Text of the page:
Art league needs to consider Lincoln residents

By: Carol Feineman, Editor
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The 1-year-old Art League of Lincoln needs to change the way it does business.

If it doesn’t, the nonprofit arts organization formed to take the place of the closed Lincoln Arts will lose its integrity, and consequently, support of Lincoln residents.

The Art League of Lincoln needs the backing of Lincoln residents and community leaders if the organization is going to not only survive but prosper.

I was initially excited about the Art League of Lincoln. More than 300 members, according to President Paul Apfel in early February, wanted “to establish a permanent base in Lincoln to provide art opportunities and education to Lincoln residents of all ages.”

And I also felt sorry for the Art League in early February because the then 11-month-old organization didn’t have an office and had just lost its inaugural America’s Clayfest Ceramic Art Exhibit space inside the Gladding, McBean factory.

The America’s ClayFest is the league’s version of the Lincoln Arts’ Feats of Clay four-week event that, for 24 years, brought thousands of visitors downtown to see a historical factory and a juried ceramics art show. In late January, Gladding, McBean officials told the art league that the public was no longer allowed inside the factory because of Americans with Disabilities Act concerns.

In my Feb. 7 column, I asked the community to support the new arts group and for City Council to provide a home for the league.

The council offered the art league an extremely fair deal on Feb. 14 to occupy 580 Sixth St., the former site of Lincoln Arts a block away from Gladding, McBean, from March 1 to June 30, and then month-to-month after that. The cost to the league: utilities and $1 for rent. That way, the city would have provided the league with a physical place to conduct day-to-day operations and to hold community events.

It’s all about good faith.

On Feb. 19, the art league’s executive director Jean Cross sent a letter to City Council, asking to instead occupy the larger second floor space of the old City Hall off of Beermann Plaza. (The Lincoln Area Archives Museum is on the first floor.)

“If this venue can’t be made available to us for the 4 months, our only other option is to consider holding the event at a location outside of Lincoln,” Cross wrote. “It will defeat all that we hoped to do for Lincoln: increase tourism, bring business to the downtown area and extra revenue to the city of Lincoln, but we will have no other choice. The decision is yours. We need a decision by Tuesday night, February 26 and a lease or rental agreement by February 28 as we need to confirm another option outside of Lincoln by March 1.”

Lincoln City Council held to its original offer to give the league free rent at the Sixth Street venue.

And the art league chose to hold the upcoming ceramic art show at the Blue Line Arts Gallery in downtown Roseville.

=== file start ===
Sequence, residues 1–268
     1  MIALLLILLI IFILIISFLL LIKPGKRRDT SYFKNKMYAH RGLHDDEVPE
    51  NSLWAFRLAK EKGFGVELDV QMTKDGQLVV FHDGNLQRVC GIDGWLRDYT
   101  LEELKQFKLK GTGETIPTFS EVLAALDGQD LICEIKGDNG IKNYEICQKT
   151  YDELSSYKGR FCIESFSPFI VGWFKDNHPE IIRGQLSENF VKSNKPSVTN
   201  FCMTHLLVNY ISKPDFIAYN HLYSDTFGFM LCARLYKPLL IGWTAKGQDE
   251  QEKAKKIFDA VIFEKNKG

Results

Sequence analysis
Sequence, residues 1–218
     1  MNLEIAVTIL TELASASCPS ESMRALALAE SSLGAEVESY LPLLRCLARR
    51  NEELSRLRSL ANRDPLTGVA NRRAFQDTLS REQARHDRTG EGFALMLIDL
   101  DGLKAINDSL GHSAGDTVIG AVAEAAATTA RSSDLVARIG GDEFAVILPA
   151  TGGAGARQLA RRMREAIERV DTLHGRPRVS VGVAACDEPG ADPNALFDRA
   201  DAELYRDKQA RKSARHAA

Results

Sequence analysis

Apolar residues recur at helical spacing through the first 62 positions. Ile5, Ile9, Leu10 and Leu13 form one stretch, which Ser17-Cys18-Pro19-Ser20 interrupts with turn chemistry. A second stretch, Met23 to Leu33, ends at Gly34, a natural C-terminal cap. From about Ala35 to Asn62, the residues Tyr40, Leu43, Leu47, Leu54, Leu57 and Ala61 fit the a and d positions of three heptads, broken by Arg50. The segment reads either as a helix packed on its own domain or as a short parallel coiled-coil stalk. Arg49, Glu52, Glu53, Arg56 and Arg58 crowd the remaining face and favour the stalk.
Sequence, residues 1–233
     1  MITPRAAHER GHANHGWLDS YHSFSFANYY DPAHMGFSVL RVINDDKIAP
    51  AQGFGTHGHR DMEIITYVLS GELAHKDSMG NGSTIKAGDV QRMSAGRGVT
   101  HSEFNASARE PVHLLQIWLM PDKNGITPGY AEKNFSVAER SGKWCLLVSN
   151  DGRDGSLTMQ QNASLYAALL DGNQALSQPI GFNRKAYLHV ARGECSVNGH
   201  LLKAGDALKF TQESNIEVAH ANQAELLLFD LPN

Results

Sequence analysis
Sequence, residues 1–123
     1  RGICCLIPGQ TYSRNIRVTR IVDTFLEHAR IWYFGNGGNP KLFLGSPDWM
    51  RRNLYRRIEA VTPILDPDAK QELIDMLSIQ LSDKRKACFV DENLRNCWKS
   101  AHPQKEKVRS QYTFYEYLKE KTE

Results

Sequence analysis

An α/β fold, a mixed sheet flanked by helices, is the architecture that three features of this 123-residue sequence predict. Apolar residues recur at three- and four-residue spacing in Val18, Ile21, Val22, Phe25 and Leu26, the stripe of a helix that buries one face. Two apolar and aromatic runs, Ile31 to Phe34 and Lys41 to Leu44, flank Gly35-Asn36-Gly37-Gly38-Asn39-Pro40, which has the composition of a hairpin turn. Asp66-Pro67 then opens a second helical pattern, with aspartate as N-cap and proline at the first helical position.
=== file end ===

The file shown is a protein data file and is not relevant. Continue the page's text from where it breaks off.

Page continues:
The art league needs to remember that it serves the Lincoln community, not the Roseville community. That means making choices that benefit the greatest number of Lincoln residents.

Having a ceramics show in Lincoln is the right way to go. Holding that show in Roseville is disrespectful to Lincoln residents, who shouldn’t have to drive to another city for a Lincoln show.

Plus part of the benefits of the annual ceramics show is to bring visitors to downtown Lincoln, which creates a reciprocal effect on visitors spending their money at Lincoln gas stations, restaurants and stores.

For the Art League of Lincoln to become a respected nonprofit organization here, its members should rethink their actions in taking the show elsewhere.

Vic Freeman, an active community member, mentioned at last week’s City Council meeting that the ceramics show should return to Lincoln next year.

“We just have to do everything we can to bring the league’s show back to Lincoln,” Freeman said during the meeting’s public comment portion. “It’s very important to expand the tradition we’ve had for many, many years.”

Councilman Gabriel Hydrick’s response to Freeman lacked clarity.

“The Art League of Lincoln has faced some spectacular challenges and obstacles and they have responded incredibly well...,” Hydrick responded. “In all our conversations and meetings, I haven’t heard the real issue mentioned why the Art League of Lincoln has moved to another city. The Feats of Clay is one of the largest revenue generators of its kind for our tiny community. We shot ourselves in the foot. We don’t have the Feats of Clay because there are improvements that need to be made and are mandated and difficult to do... It doesn’t help when we chase one of the biggest revenue generators out of town. I suggest we work cooperatively.”

In all due respect, the councilman got it half right.

The art league needs to cooperate with the Lincoln community.

But Lincoln city officials, including the council of which Hydrick is a part of, tried to keep the art league’s show in Lincoln.

The art league, though, acted like a spoiled kid, threatening to take their business elsewhere.

That move only hurts their credibility at a time the group should be proving itself.